The road to equality has never been straight but the final outcome is always worth the wait.

“The road to equality has never been straight but the final outcome is always worth the wait.”

This perfectly describes the struggle the lesbian, gay, bisexual, transgender and intersex (“LGBTI”) community of India has faced since the British ruled our country. Our freedom fighters were successful in blessing us with independence and freeing us from the British rule on

15th August 1947, a day we proudly celebrate as the Independence Day of India.  India became a democracy on 26th January 1950 which meant that each and every citizen of the country enjoyed equality before law, freedom of speech and expression, religious and cultural freedom, freedom to practice religion and so on and so forth.

But unfortunately this was not the end of the struggle for our LGBTI community. Even though the British departed from our country for good, they left behind a law which criminalized same gender sex i.e. sexual activities between people of the same sex was considered a criminal offense. This law was laid in Section 377 of the Indian Penal Code (“IPC”). Section 377 was first introduced by British India, modeled on the Buggery Act of 1533. This section of the Buggery Act was drafted by Thomas Macaulay in 1838 and was brought into effect in 1860. It defined ‘buggery’ as an unnatural sexual act against the will of God and man, thus, criminalizing anal penetration, bestiality and homosexuality, in a broader sense.

What is Section 377 of the IPC? Section 377 of the IPC states: “Whoever voluntarily has carnal inter­course against the order of nature with any man, woman or animal, shall be punished with imprisonment for life, or with imprisonment of either description for a term which may extend to 10 years, and shall also be liable to fine.”

On 6th September 2018, in a huge victory for the civil rights and the LGBTQ community, a Constitution Bench of the Supreme Court unanimously decriminalized Section 377 of the IPC. In doing so, the learned court has recognized the sexual rights of the LGBTQ community and provided legal protection to homosexuality.

Down memory lane – Timeline of the case

  • 1861: Introduction of Section 377-

Section 377 was introduced by British India, modeled on the Buggery Act of 1533. This section of the Buggery Act was drafted by Thomas Macaulay in 1838 and was brought into effect in 1860.

  • 2001: Naz Foundation files petition against Section 377 in Delhi High Court

In 2001, non-governmental organization Naz Foundation filed a petition challenging the constitutionality of Section 377 in the Delhi High Court. They filed a lawsuit seeking the legalization of homosexual relations between consenting adults.

  • 2003: Delhi HC dismisses Naz Foundation plea

The Delhi High Court dismissed the Naz Foundation petition, saying the body had no standing in the matter. The Naz Foundation appealed against the dismissal in the Supreme Court in 2006. The Supreme Court instructed the Delhi High Court to reconsider the case.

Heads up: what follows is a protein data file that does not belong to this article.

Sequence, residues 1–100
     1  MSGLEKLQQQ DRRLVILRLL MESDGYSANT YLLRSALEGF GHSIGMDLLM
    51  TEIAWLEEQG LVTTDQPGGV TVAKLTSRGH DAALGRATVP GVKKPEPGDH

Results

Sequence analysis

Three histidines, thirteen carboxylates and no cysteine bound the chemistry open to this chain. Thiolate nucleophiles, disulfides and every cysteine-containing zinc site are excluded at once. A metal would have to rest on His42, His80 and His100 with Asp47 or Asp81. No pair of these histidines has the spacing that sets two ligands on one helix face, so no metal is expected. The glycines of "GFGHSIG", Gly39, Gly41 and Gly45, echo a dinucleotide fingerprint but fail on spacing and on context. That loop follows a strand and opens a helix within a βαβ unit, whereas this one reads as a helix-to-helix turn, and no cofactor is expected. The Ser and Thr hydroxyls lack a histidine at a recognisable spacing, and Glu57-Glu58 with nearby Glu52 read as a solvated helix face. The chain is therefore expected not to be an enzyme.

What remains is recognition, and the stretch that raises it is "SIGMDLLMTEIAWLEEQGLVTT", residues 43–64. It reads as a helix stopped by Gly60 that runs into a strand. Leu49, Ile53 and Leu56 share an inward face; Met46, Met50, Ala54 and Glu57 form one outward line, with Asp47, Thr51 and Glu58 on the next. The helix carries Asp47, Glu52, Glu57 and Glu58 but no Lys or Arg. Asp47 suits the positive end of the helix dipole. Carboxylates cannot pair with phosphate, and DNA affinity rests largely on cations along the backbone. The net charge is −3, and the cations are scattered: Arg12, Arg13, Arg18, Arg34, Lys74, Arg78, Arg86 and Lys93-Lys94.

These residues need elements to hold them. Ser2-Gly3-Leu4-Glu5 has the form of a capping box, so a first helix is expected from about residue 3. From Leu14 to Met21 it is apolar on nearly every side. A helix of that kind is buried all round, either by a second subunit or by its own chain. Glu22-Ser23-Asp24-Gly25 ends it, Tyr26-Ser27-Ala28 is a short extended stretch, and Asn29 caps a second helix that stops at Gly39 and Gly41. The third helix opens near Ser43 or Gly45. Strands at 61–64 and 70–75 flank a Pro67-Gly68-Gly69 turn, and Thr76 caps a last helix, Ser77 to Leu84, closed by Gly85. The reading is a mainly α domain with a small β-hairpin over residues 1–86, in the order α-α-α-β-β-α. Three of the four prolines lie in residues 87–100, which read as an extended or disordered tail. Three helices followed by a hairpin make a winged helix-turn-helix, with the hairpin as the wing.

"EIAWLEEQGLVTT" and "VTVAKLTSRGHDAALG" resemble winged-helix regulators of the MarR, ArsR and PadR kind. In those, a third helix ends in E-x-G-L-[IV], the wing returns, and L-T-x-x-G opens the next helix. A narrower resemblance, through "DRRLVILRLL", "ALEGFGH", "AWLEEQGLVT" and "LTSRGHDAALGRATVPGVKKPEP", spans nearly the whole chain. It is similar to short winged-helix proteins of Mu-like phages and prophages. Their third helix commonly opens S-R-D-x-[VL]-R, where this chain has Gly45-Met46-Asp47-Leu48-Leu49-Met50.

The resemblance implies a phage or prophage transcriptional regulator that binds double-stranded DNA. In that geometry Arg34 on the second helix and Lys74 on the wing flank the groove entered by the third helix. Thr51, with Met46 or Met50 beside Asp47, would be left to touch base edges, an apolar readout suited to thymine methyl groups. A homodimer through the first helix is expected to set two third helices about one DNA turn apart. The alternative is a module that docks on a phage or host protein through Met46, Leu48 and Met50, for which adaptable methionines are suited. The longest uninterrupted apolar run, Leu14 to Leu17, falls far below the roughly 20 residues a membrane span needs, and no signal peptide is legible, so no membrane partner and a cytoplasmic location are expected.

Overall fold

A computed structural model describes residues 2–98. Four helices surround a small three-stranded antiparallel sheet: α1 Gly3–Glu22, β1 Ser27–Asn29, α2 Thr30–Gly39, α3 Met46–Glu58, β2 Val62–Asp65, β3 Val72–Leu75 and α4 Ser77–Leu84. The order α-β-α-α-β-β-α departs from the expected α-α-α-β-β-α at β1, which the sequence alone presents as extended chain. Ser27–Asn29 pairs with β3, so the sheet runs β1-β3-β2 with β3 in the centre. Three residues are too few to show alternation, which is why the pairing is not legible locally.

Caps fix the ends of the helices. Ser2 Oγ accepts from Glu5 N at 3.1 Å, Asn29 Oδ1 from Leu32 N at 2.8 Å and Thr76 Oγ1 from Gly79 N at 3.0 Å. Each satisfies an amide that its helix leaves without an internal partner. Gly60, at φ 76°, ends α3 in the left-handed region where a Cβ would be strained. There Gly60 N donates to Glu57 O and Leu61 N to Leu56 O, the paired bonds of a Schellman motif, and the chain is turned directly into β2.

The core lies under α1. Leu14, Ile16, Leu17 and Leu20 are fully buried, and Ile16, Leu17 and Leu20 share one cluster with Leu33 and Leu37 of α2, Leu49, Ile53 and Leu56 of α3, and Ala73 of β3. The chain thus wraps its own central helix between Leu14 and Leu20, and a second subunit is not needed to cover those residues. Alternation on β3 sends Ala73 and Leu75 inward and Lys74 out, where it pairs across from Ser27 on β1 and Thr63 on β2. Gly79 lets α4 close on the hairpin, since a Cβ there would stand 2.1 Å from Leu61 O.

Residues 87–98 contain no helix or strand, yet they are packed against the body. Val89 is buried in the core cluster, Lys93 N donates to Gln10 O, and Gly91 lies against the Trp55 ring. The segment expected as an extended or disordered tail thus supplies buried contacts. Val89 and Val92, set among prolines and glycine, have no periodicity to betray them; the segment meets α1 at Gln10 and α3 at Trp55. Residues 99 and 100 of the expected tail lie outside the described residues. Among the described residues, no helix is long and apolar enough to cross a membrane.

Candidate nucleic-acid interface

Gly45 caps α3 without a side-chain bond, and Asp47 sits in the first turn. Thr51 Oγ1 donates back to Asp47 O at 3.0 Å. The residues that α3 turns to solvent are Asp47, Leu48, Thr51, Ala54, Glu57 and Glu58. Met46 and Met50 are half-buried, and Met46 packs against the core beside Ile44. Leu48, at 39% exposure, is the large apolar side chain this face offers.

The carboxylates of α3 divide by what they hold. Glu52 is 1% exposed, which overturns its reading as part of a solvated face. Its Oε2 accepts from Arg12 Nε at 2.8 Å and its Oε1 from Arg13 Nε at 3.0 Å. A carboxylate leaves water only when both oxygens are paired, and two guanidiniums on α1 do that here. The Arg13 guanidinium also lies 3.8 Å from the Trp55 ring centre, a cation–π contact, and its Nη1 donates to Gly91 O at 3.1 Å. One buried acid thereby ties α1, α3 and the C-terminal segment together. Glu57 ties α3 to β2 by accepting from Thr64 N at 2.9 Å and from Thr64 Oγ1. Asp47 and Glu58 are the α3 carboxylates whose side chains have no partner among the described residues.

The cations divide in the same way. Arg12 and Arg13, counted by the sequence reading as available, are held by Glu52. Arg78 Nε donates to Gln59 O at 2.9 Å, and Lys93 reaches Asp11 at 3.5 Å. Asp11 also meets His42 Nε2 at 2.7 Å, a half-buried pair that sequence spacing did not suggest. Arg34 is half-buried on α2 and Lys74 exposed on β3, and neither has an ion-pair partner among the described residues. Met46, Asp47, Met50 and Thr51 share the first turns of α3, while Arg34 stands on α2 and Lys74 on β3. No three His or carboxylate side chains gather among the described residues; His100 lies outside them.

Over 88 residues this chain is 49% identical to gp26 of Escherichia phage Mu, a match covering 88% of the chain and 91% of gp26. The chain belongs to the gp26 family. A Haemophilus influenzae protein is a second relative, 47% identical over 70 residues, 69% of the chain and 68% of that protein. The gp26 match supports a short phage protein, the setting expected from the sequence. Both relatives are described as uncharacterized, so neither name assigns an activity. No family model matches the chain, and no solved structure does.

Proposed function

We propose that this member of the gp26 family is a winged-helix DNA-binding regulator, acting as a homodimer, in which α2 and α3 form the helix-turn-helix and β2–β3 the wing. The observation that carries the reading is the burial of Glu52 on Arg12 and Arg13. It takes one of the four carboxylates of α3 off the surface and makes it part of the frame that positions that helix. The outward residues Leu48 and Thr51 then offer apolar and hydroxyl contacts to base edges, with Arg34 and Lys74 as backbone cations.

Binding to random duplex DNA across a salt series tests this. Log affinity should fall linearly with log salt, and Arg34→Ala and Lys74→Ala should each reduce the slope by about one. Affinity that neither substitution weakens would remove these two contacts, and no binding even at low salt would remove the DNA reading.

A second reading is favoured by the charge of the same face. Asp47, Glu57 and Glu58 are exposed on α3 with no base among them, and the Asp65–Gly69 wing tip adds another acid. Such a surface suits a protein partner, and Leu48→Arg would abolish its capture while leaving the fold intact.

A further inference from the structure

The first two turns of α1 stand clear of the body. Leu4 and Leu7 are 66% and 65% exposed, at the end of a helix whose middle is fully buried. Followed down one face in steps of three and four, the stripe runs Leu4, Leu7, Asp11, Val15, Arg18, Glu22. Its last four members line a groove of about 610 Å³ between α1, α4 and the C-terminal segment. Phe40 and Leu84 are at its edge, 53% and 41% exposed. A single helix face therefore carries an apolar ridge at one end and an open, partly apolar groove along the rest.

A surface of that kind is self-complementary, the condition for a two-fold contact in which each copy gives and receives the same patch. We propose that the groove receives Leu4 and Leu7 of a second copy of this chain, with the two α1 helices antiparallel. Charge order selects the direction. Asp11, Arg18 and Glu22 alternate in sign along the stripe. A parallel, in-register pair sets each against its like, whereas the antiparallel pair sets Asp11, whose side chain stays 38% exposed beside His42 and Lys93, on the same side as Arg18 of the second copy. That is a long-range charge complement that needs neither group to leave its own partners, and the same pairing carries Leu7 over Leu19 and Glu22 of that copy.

• 2009: Delhi HC decriminalizes homosexuality

In a landmark decision, the Delhi High Court decriminalized homosexuality among consenting adults, holding it violates the right to equality, right against discrimination and protection of life under the Indian Constitution.

  • 2013: Supreme Court overturns the HC order

After the high court’s judgment, various appeals were made to the Supreme Court, challenging the High Court’s authority to change a law. In December 2013, the Supreme Court overturned the high court’s decision, after finding it “legally unsustainable.” The Supreme Court then recommended that the Parliament address the matter because only they had the power to amend the existing laws.

After the Narendra Modi-led government was sworn-in in 2014, it said it would take a decision regarding Section 377 only after the Supreme Court judgment. A year later, when Shashi Tharoor introduced a private member’s Bill to decriminalize homosexuality, the Lok Sabha voted against it.

  • 2016: Five petitioners move SC against Section 377

Five petitions were filed by bharatnatyam dancer Navtej Singh Johar, journalist Sunil Mehra, restaurateur Ritu Dalmia, Neemrana hotel chain co-founder Aman Nath and businesswoman Ayesha Kapur.

The petitioners claimed their “rights to sexuality, sexual autonomy, choice of sexual partner, life, privacy, dignity, and equality, along with the other fundamental rights guaranteed under Part-III of Constitution, are violated by Section 377.” It was the petitioners’ submission that they were living in fear of harassment because of Section 377 of IPC.

  • 2018: SC begins hearing on Section 377

A five-judge Constitutional bench, led by Chief Justice of India
Dipak Misra and comprising of Justices R F Nariman, A M Khanwilkar,
D Y Chandrachud, and Indu Malhotra, begins hearing petitions challenging Section 377.

  • September 6, 2018: SC decriminalizes gay sex

This judgment has created history in the Indian legal system and will play a major role in giving relief to the LGBT community for all generations to come.

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